A growing body of social science research has documented the long-term damage to the health and well-being of individuals living in high-poverty neighborhoods. Recent increases in segregation by income in the United States are therefore highly troubling. Between 2000 and 2015, the share of the poor population living in high-poverty neighborhoods rose from 43 percent to 54 percent. Meanwhile, the number of high-poverty neighborhoods rose from 13,400 to more than 21,300. Although most high-poverty neighborhoods are still concentrated in high-density urban cores, their recent growth has been fastest in low-density areas at the metropolitan fringe and in rural communities.

At the same time, the growing demand for urban living has led to an influx of high-income households into city neighborhoods. While this revival of urban areas creates the opportunity for more economically and racially diverse communities, it also drives up housing costs for low-income and minority residents. (1-6, references omitted)

One comment, a repetition from my past discussions of Joint Center reports. The State of the Nation’s Housing acknowledges sources of funding for the report but does not directly identify the members of its Policy Advisory Board, which provides “principal funding” for it, along with the Ford Foundation. (front matter) The Board includes companies such as Fannie Mae, Freddie Mac and Zillow which are directly discussed in the report. In the spirit of transparency, the Joint Center should identify all of its funders in the State of the Nation’s Housing report itself. Other academic centers and think tanks would undoubtedly do this. The Joint Center for Housing Studies should follow suit.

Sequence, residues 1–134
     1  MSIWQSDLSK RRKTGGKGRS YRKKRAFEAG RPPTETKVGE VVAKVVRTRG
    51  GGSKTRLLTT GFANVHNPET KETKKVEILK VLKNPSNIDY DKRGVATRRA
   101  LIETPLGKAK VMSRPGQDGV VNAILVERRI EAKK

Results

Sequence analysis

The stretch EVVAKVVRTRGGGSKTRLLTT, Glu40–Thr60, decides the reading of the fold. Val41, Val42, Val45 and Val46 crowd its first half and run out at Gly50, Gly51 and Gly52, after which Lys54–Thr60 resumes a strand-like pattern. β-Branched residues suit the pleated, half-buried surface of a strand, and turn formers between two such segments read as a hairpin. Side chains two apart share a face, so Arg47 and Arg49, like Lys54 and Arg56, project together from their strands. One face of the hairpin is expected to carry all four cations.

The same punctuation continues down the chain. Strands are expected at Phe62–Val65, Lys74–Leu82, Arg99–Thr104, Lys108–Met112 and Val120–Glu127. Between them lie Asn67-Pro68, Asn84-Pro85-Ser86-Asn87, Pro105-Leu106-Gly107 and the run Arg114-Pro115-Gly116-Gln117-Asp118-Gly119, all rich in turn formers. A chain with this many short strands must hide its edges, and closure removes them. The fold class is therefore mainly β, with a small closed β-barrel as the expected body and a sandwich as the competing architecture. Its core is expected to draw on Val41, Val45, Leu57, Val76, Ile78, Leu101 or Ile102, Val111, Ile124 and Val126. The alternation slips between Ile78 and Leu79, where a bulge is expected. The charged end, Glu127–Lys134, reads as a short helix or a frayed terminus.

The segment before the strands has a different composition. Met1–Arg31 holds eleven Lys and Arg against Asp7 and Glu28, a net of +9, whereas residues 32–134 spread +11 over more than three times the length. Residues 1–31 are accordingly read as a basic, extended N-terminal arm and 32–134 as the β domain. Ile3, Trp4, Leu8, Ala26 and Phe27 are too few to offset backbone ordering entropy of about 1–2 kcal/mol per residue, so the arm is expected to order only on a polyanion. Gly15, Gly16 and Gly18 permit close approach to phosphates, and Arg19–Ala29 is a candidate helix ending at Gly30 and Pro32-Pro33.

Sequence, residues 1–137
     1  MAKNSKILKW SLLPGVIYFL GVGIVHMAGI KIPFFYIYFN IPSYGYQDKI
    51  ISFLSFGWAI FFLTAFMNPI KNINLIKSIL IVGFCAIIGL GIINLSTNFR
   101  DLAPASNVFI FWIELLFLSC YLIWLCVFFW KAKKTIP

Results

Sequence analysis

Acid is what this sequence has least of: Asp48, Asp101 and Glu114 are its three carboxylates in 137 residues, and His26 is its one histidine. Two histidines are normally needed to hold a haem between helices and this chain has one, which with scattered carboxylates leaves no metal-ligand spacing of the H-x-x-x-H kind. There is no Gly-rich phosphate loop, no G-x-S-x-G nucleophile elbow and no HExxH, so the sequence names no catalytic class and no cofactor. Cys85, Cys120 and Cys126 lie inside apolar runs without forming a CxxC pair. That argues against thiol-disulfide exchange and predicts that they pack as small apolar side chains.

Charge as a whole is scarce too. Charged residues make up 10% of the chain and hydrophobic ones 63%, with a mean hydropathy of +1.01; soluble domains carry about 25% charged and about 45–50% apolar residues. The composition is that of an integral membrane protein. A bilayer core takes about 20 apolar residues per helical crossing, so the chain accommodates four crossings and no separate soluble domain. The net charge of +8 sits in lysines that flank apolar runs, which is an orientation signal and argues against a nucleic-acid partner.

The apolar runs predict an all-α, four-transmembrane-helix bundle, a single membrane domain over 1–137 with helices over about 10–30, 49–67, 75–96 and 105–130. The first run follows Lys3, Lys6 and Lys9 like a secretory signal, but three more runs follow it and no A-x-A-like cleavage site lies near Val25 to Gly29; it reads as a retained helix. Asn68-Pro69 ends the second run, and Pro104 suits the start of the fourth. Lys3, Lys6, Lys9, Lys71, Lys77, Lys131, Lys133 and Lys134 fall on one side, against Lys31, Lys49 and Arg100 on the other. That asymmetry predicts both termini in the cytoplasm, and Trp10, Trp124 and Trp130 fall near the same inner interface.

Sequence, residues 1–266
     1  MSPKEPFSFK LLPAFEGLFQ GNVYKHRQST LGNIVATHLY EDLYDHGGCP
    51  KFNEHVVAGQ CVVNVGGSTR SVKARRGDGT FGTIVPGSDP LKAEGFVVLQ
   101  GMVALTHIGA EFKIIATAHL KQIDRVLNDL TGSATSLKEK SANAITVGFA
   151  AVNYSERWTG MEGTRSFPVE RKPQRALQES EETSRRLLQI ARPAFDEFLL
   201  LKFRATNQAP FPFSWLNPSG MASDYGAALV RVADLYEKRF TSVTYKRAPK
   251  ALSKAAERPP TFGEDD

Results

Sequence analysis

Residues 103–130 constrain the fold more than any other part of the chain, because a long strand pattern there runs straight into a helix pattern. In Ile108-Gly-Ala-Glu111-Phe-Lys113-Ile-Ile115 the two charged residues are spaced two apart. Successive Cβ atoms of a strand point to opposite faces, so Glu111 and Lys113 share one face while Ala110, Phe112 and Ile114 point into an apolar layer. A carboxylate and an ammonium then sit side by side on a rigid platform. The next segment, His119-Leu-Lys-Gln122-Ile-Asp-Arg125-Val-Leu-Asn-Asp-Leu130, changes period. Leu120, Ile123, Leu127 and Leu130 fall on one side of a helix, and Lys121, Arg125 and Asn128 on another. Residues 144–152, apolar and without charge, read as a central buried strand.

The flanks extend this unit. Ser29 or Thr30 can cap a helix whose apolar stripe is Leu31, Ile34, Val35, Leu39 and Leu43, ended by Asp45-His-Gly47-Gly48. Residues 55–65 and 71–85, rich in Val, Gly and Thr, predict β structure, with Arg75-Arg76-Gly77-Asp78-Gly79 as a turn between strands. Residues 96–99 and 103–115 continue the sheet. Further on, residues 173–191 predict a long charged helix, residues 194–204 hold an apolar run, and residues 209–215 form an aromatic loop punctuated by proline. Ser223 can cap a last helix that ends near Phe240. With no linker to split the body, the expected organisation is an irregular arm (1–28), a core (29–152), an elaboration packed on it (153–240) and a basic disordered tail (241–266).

Neighborhood Change and Public Housing


The Effects of Neighborhood Change on NYCHA Residents, a report released to little notice in May, has received a lot of attention after the NY Daily News wrote a disparaging article about it. I will leave it to others to decide if this report was worth its six figure price tag, but I do think that there are some interesting findings. The report was prepared by Abt Associates and NYU’s Furman Center, two leading housing research entities. The Findings at a Glance state that

In this study, Abt finds statistically significant differences in earnings for NYCHA residents living in different neighborhood types. Annual household earnings average $4,500 higher for public housing residents in persistently high‐income neighborhoods as compared to persistently low‐income neighborhoods. Earnings are $3,000 higher for those in increasing income neighborhoods. Moreover, these findings are not attributable to any selection bias of residents choosing to live in either persistently high or low income neighborhoods. (1)

This is a pretty big deal, given that the average family income for NYCHA residents is $23,311. If this increased income is attributable to neighborhood characteristics, we would want to take that into account when formulating housing policy.

There were some other interesting findings that were also not highlighted by the Daily News:

  • Developments surrounded by persistently high‐income neighborhoods have lower violent crime rates (5.7 violent crimes per 1,000 residents) than those surrounded by persistently low‐income neighborhoods (8.3 violent crimes per 1,000 residents).
  • Developments in persistently high‐income neighborhoods are zoned for public elementary schools with higher standardized test scores than developments in persistently low‐income neighborhoods; 72% of NYCHA households in low‐income neighborhoods are zoned for schools in the bottom quartile for math proficiency (cf. 41% for those in high‐income neighborhoods).
  • Among public elementary and middle school students living in NYCHA housing, those living in developments surrounded by persistently high—and increasing—income neighborhoods score higher on standardized math and reading tests. (Findings at a Glance, 2)

Before this report is dismissed as a boondoggle, we should try to understand its implications for developing a housing policy that promotes socioeconomic diversity. This is a city of extremes of wealth and poverty and there has been a very negative reaction to policies, such as poor doors, that seem to reinforce that state of affairs. But it may turn out that public housing is a useful tool for creating the more equitable city that so many New Yorkers strive for. Let’s not shoot the messengers before we hear what they have to say.